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Posts Tagged ‘taste of chicago’

by Christopher Brinckerhoff

Wanna know what’s up with healthcare reform? Me too. A recent trip to the northeastern quadrant of Iowa led me to the town of Waverly, population about 10,000.

This seemed like an ideal place to take the temperature of our country’s healthcare opinions because: One, about two years ago President Barack Obama got his start with a Primary victory in Iowa on the way to the top office in the nation, and two, since his inauguration Obama’s approval rating in polls has dipped from 80-plus percent to below 50 percent.

Arguably one of the contributing factors to this change in public opinion was the introduction of healthcare reform proposals. Business owners in this small Midwest town provided a revealing look into what folks think about healthcare reform, and why President Obama’s proposals have not always been met with open arms.

One Waverly business owner was concerned about the implications of expanding public healthcare. Bertil Anderberg, owner of two salons, Tren D Hair And More and Cost Cutters Family Hair Care, said America has the best healthcare system in the world. Why else would the Mayo Clinic be filled with international patients? he said.

The Tren D Hair owner, who grew up in Sweden, provides a healthcare option for his employees.

“I know all about socialistic healthcare,” Anderberg said. “That’s the worst possible thing they can do here. You are going to stay in line like a bunch of heifers to get some help from the doctor, and then he’ll give you a pill and say ‘come back next week.’ Then go in this line. He’ll give you a pill again and say ‘come back in two weeks,’ and then you’ll go back over here again.”

The business owners I spoke with related to the healthcare reform question with different, yet interesting and revealing, viewpoints.

American Family Insurance agent Kristi Demuth said she was conflicted by the healthcare conundrum. The 20-plus year insurance veteran said she sees healthcare reform from two different perspectives: the consumer and the insurance agent.

From the consumer point-of-view, Demuth said there are situations when people are denied insurance options based on non-recurring or dormant conditions. While she acknowledged the needs of insurance companies to impose these pre-existing conditions clauses, there are times when these rules impose undue financial duress on otherwise healthy individuals.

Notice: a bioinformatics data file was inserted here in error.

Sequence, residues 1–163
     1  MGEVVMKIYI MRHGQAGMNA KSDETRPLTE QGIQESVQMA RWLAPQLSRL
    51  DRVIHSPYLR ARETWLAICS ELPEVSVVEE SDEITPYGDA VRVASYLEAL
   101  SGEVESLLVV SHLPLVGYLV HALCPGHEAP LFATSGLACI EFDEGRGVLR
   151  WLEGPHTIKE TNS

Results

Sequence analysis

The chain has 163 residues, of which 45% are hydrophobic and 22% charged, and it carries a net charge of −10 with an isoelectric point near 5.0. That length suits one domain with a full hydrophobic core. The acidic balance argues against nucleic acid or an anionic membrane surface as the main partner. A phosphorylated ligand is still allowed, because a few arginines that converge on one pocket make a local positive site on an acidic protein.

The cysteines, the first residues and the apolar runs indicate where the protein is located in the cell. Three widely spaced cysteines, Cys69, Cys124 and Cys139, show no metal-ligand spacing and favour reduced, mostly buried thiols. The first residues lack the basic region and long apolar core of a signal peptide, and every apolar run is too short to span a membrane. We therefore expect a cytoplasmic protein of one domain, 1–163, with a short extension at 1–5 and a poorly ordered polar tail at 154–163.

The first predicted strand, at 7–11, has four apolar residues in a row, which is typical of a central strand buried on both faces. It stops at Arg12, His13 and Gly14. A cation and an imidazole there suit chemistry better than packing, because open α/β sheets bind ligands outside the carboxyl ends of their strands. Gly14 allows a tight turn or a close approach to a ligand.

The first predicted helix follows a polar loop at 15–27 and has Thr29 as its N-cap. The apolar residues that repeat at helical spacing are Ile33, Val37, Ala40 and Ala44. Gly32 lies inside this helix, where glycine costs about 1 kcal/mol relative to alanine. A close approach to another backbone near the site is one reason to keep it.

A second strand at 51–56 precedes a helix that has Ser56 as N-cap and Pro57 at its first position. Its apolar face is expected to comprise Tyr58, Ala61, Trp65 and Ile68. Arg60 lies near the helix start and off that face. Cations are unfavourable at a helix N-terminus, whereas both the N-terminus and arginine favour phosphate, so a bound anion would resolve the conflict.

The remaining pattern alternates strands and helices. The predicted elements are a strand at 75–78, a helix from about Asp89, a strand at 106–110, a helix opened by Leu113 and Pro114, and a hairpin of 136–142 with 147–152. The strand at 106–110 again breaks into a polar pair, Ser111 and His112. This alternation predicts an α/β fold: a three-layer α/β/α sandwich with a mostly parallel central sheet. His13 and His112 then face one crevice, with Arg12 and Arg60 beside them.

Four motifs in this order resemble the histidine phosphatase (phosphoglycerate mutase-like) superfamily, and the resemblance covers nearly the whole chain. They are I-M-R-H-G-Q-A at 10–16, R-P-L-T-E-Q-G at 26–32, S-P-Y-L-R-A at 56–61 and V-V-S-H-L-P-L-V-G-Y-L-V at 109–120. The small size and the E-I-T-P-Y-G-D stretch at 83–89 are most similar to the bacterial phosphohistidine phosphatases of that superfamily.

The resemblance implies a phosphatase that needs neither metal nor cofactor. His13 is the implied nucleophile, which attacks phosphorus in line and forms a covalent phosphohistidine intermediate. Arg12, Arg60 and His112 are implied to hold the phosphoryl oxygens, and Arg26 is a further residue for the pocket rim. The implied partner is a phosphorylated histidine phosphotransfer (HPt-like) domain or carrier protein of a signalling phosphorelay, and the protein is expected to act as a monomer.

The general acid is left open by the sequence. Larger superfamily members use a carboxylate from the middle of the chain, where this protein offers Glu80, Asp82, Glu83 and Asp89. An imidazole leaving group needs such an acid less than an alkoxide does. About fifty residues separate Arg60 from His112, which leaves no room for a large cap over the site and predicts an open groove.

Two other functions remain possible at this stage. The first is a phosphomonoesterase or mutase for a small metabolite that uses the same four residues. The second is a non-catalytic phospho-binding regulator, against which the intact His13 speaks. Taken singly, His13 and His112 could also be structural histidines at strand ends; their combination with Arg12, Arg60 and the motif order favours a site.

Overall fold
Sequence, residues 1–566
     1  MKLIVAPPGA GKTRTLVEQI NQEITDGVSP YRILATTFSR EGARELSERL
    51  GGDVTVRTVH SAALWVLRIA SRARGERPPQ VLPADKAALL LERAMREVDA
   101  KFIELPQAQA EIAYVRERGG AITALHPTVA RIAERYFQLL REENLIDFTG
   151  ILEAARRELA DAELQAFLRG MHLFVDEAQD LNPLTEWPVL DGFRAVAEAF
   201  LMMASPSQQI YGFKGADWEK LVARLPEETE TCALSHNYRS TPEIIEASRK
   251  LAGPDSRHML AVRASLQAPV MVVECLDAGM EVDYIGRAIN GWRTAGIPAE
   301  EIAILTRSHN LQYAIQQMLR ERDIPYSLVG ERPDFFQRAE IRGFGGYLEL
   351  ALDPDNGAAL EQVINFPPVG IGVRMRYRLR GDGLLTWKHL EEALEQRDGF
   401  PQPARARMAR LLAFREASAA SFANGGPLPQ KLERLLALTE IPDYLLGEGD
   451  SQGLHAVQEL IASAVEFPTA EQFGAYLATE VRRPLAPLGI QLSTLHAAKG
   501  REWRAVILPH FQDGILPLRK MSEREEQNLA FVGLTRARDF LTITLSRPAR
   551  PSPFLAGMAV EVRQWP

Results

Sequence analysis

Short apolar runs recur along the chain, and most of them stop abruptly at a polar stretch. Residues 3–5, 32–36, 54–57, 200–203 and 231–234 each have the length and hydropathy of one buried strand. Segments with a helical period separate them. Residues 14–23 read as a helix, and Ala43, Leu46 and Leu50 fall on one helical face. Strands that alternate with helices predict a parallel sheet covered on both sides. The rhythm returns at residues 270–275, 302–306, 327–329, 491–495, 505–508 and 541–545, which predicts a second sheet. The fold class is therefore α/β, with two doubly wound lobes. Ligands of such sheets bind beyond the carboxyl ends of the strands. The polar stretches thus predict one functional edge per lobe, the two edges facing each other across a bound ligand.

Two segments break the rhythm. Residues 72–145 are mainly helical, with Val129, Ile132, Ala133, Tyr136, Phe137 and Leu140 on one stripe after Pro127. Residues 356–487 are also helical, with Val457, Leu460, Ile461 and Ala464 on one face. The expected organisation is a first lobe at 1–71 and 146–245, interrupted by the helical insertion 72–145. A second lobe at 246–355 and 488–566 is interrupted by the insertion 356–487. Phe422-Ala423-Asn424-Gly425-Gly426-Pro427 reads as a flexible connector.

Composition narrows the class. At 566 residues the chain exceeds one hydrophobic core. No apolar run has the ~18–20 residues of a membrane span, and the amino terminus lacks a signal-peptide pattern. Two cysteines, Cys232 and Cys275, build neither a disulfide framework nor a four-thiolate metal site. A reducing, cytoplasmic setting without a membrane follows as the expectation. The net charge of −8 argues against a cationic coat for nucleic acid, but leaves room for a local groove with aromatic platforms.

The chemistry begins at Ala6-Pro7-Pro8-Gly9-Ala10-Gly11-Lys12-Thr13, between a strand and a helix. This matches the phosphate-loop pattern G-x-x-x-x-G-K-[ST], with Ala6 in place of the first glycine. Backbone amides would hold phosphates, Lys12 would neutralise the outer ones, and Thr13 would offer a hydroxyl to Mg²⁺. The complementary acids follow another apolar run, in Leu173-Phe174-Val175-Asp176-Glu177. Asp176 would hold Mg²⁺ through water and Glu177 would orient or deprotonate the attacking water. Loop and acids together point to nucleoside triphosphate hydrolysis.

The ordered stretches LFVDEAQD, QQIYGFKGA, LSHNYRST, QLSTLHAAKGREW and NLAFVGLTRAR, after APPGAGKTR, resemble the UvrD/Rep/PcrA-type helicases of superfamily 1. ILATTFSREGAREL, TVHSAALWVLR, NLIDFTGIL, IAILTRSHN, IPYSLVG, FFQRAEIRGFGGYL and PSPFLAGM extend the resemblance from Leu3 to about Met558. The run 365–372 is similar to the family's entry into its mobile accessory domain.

From the consumer’s perspective, loosening the pre-existing conditions clause would be an improvement, according to Demuth.

Demuth said she would also welcome reduced premiums. But that scenario becomes less likely if insurance companies make it easier for people with pre-existing conditions to purchase plans without as many strings attached. In fact, premiums would likely go up, not down, according to Demuth.

Waverly, Iowa American Family Insurance agent Kristi Demuth says she sees the healthcare reform question from two views: the provider and the receiver. Neither gives a clear answer. In fact, the opposite is true. It is complicated. Photo by Christopher Brinckerhoff.

Waverly, Iowa American Family Insurance agent Kristi Demuth says she sees the healthcare reform question from two views: the provider and the receiver. Neither gives a clear answer. In fact, the opposite is true. It is complicated. Photo by Christopher Brinckerhoff.

Demuth said more communication between doctors and insurance companies could reduce costs.

If you see a doctor who has followed your health history over a long period of time, and you have the same health concern, such as allergies, every year, an office visit might not be necessary in order to write a prescription.

“It’s different if you’re a brand new client to a doctor,” Demuth said. “I don’t have a problem with that. But what I struggle with is that continually having to go to the doctor when you know that’s what you have just because you’ve had it so many times.”

One business owner was disturbed by the concept of politically administered healthcare.

Government intervention could only make matters worse, according to Osage resident Vernon Martin. Countries with socialized healthcare put elderly folks at a significant disadvantage in terms of receiving care, the construction company owner said.

“I know a girl in Canada for instance, and she’s a nurse up there,” Martin said. “And what happens up there? The old people get pushed back. People that should be getting care, and they aren’t getting care because they aren’t sick enough to be serious. You know, you take a number. They don’t care. Right now at least the healthcare system is providing for the old folks.”

Martin, whose wife is also a nurse, said government intervention would translate into problems.

“The government’s trying to come in here and set up a health program that’s going to take care of everybody and supply everybody with everything – yeah right,” Martin said. “When has the government ever gotten their fingers into anything that they haven’t screwed up?”

While no clear solutions emerged from conversations with business owners in northeast Iowa, one reality did come to light: Americans, as a group, are at the same time passionate and mixed about healthcare reform.

Copyright 2009

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by Christopher Brinckerhoff and Albert Corvera

Before the Taste of Chicago began, security, vendors and Chicagoans weighed in on the celebration’s impact. Preparations for the city’s largest annual festival is one way to look at what the event means for Chicago communities.

At this pre-Taste, we spoke with a security guard, a business executive, and a teacher. All three said the crowd is the major attraction and concern.

University of Illinois at Chicago professor Gerri Gorman has lived in Chicago almost all her life, and she said she appreciates the city’s neighborhoods and diversity. Though she’s not going to attend the festival this year, Gorman said she used to attend the Taste when her children were younger, and the event wasn’t so large.

“But the crowds are becoming overwhelming,” Gorman said. “[The Taste] represents everything I find reprehensible in Chicago and in America. It’s too crowded. It’s too much consumerism. It’s excess; way too much of everything.”